Chiloe Island Chile, Nothern Patagonia
To cross to and
from the Island you need to take
The trip from mainland Chile to the Island takes about
The Isla Grande of Chiloé is South America's largest island and among its most striking cultural anomalies. Divided by the gentle peaks of the Coastal Range, Chiloé's eastern and western coasts are two worlds apart. To the west is a wilderness of endless beaches, dune habitat, and temperate rainforests, much of it protected in one of Chile's most forgotten national parks. To the east are the scattered islands of the Chiloé archipelago, sheltered from Pacific storms, intensely cultivated, home to a traditional culture of subsistence farmers, fishermen, and craftsmen.
Charles Darwin arrived in Chiloe on 28 June 1834 and was based there for six months, writing about his impressions of southern Chile in his diaries.
"There is also something very attractive in the
simplicity and humble politeness -"
( February 4, 1835) Charles Darwin speaking of Chiloe's customs which are still alive today.
The Jesuit order made this corner of the earth their special responsibility, erecting schools and over two hundred elegant wooden churches, nine of which are protected as national monuments. A rich mythology - populated by strange trolls, sea monsters, and eerie ghost ships - is yet another mark of Chiloé's singular history.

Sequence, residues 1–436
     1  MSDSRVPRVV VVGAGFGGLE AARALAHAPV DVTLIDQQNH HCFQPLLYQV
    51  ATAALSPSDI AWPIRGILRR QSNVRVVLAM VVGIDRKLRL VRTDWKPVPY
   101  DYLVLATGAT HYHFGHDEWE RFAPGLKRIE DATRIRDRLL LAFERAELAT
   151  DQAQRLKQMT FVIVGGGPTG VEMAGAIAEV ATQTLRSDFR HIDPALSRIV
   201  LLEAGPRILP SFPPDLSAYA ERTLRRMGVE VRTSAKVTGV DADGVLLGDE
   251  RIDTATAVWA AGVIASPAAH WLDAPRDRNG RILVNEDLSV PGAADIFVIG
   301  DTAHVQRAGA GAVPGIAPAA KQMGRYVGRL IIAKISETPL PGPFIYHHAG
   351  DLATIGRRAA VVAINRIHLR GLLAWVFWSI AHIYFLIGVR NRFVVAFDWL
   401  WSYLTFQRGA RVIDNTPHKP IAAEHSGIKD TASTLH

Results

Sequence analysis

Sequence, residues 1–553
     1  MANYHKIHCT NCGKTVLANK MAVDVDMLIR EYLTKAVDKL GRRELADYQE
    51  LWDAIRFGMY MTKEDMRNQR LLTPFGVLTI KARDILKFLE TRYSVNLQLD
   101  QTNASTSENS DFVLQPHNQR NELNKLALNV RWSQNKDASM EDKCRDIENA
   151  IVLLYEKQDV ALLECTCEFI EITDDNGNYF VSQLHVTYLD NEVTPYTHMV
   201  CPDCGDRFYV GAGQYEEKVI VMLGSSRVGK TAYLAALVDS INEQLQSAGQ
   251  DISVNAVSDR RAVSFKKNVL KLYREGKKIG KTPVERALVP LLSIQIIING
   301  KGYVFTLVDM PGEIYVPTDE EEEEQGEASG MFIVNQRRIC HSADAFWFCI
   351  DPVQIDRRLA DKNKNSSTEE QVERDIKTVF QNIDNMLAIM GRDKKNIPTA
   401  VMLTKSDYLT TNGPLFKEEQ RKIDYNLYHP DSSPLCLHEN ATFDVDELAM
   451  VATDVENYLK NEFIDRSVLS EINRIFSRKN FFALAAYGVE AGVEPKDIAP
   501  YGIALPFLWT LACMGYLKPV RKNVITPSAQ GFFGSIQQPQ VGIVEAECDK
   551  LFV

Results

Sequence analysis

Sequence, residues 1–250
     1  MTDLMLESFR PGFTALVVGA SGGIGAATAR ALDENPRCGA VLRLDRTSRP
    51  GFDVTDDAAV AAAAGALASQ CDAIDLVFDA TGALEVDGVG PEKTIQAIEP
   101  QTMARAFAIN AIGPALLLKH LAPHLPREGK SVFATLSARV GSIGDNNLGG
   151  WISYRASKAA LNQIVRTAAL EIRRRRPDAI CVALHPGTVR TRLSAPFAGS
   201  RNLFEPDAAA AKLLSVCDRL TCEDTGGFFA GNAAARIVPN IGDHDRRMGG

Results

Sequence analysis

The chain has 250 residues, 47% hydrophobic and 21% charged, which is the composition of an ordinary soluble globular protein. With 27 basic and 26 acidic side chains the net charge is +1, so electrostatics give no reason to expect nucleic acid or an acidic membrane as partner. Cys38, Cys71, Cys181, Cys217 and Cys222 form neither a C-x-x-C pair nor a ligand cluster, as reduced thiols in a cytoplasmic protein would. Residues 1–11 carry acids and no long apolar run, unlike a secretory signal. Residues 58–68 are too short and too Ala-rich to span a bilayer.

Unesco Criterion (iii): The mestizo culture resulting from Jesuit missionary activities in the 17th and 18th centuries has survived intact in the Chiloé archipelago, and achieves its highest expression in the outstanding wooden churches.
Today, Chiloé balances wild, unbridled nature with one of South America's most remarkable traditional cultures. Renowned for its seafood, its woolen handicrafts, and the warmth of its people, Chiloé is still a largely unknown destination for walking and biking, fishing, paddling and birding.
The town of Castro, characterized by its fleets of yellow fishing boats and distinctive palafito houses built on stilts above the tides, is easily accessible and provides a full range of tourist services. The charming islands of the archipelago, meanwhile, can only be visited by boat or kayak.
(excerpt from "Tourism Promotion Corporation of Chile")